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Without repeal, expect a “HIT” from health care bill

The health care bill (the Patient Protection and Affordable Care Act) was basically crafted behind White House closed doors. Then, House Speaker Nancy Pelosi pushed it with her now famous statement that, “it’s good and we need to pass it so we can find out what’s in it!”  On the Senate side, Harry Reid proclaimed it would reduce health care costs, although he hadn’t read it, either. They were right and wrong – right that it passed so we could find out what’s in it, and dead wrong about lower costs.

So far, the promised declines in costs haven’t materialized. Moreover, no one in his right mind is betting they will, especially if you have a small business like a dealership, service firm, marina or small manufacturer. That’s because when they looked inside the health care bill the uncovered the HIT (health insurance tax).

In essence, the health care law will impose an estimated $87 billion HIT on health insurers beginning in 2014. The purpose of the HIT is simply to offset other costs in the law. It doesn’t take a master’s degree to predict the HIT will be reflected in higher premiums for health insurance and will, therefore, be borne by small businesses and/or their employees. Oh, did I mention large companies and unions won’t feel the HIT because they’re exempt?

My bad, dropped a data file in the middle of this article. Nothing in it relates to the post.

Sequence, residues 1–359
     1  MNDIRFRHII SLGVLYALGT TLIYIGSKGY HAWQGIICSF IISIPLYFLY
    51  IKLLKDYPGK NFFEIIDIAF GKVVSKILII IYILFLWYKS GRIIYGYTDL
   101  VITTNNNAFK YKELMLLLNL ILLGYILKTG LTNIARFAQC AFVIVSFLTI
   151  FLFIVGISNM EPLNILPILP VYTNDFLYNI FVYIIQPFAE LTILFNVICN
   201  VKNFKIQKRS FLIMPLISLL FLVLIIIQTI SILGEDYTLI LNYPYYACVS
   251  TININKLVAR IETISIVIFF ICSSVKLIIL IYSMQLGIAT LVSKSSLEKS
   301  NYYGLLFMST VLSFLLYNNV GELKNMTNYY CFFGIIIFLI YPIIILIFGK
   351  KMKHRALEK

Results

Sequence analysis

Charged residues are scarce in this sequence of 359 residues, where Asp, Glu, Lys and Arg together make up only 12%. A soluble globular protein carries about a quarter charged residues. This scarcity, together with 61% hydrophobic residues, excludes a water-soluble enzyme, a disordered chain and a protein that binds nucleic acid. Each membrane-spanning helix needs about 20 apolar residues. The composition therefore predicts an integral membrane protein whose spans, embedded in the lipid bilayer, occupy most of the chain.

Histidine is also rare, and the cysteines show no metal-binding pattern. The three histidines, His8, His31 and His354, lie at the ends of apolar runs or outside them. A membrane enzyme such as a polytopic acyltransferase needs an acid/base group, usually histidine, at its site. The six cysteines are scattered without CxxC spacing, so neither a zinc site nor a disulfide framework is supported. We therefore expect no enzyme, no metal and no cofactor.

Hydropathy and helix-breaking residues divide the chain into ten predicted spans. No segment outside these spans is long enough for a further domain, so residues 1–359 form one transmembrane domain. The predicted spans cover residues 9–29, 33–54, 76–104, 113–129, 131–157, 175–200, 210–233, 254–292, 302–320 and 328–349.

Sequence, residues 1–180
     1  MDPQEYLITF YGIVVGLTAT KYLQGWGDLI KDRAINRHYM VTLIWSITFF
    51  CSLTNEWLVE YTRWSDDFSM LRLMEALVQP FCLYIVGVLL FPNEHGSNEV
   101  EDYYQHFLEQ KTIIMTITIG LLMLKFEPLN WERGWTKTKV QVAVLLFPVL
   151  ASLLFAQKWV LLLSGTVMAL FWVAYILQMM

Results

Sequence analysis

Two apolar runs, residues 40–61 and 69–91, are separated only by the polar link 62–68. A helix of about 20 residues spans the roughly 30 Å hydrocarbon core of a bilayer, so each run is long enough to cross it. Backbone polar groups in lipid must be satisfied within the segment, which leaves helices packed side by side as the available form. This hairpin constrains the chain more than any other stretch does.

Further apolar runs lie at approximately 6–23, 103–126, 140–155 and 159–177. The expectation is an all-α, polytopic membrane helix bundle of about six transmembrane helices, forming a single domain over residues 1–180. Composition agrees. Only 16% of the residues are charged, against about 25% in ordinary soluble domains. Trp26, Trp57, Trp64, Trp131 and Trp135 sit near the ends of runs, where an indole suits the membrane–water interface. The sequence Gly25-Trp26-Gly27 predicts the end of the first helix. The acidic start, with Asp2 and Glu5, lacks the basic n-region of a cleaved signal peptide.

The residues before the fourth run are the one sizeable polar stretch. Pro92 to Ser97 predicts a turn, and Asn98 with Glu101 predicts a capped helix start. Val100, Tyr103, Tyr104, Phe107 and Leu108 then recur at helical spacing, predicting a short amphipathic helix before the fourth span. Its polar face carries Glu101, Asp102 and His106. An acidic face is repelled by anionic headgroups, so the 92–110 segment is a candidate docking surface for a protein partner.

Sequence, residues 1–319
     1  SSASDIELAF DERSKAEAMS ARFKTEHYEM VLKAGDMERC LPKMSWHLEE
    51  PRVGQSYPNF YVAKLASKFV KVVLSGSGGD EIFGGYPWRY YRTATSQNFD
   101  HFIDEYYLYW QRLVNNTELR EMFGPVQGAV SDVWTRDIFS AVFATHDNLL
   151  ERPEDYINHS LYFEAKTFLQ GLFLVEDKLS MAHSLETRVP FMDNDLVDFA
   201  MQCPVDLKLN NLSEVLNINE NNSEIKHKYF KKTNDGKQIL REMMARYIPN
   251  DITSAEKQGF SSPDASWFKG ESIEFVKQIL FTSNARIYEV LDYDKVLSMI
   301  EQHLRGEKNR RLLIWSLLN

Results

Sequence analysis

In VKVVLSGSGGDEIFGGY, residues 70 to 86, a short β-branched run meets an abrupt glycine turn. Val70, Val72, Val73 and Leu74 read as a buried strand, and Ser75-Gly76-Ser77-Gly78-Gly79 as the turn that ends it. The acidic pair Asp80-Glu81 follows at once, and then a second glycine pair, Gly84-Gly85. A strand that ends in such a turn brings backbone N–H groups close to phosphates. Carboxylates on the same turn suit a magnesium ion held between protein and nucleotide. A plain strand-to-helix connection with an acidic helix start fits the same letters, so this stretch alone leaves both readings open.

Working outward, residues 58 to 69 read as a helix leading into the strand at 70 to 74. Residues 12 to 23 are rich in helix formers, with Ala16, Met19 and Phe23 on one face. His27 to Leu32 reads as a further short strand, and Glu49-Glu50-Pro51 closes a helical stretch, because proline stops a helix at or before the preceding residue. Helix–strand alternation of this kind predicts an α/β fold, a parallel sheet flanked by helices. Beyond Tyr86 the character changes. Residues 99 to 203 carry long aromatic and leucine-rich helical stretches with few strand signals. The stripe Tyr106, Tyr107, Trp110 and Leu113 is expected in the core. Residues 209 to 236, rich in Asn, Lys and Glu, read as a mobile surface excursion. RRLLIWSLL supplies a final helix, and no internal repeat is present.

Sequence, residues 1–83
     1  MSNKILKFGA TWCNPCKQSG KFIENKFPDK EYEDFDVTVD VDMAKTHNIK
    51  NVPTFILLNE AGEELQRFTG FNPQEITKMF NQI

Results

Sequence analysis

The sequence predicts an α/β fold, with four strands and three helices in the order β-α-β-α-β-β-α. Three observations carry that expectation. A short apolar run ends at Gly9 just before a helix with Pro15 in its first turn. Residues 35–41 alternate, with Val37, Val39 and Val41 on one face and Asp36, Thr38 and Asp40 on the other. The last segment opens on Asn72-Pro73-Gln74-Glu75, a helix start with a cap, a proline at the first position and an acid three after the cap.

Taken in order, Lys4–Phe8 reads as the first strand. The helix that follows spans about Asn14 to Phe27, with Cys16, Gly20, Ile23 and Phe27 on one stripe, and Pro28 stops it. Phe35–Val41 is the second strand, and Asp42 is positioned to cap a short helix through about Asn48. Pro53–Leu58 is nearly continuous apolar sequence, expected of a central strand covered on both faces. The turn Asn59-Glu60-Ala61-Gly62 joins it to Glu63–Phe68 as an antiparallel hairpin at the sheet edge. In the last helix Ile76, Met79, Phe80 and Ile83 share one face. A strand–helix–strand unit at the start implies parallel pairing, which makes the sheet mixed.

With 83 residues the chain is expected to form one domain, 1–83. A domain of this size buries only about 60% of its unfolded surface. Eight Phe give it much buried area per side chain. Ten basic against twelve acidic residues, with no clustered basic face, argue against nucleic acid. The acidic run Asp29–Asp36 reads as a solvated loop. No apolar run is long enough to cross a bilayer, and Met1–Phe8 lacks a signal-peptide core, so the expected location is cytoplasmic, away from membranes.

The National Federation of Independent Businesses estimates the HIT will impact some 2 million small businesses, 27 million employees covered by their employer, 12 million more employees or self-employed individuals who purchase individual insurance, and up to 30 million currently uninsured who will soon have to purchase a plan through an exchange that includes the HIT. 

The good news is there’s a bill in Congress, H.B. 1370, that would repeal the HIT. Introduced by Republican Rep. Charles Boustany of Louisiana, it is now a bipartisan bill with the recent addition of Democrat Rep. Heath Shuler from North Carolina as a co-sponsor. The bill is currently in the House Energy and Commerce Committee as well as House Ways and Means.

Realistically, while the whole health care law is being challenged in the courts and is expected to eventually reach the Supreme Court, reasonable arguments on both sides make it impossible to predict the Supreme Court’s decision. Accordingly, as small businesses, we need to be ahead of the game and engaged in supporting any efforts to reduce the negative impact of the health care law looming ahead.